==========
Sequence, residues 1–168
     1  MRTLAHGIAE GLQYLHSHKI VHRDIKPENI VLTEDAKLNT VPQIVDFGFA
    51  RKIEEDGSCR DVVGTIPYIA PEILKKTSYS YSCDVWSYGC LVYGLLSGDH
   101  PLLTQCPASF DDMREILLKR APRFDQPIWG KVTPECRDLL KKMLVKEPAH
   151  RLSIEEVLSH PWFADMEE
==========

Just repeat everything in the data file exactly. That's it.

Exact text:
Sequence, residues 1–168
     1  MRTLAHGIAE GLQYLHSHKI VHRDIKPENI VLTEDAKLNT VPQIVDFGFA
    51  RKIEEDGSCR DVVGTIPYIA PEILKKTSYS YSCDVWSYGC LVYGLLSGDH
   101  PLLTQCPASF DDMREILLKR APRFDQPIWG KVTPECRDLL KKMLVKEPAH
   151  RLSIEEVLSH PWFADMEE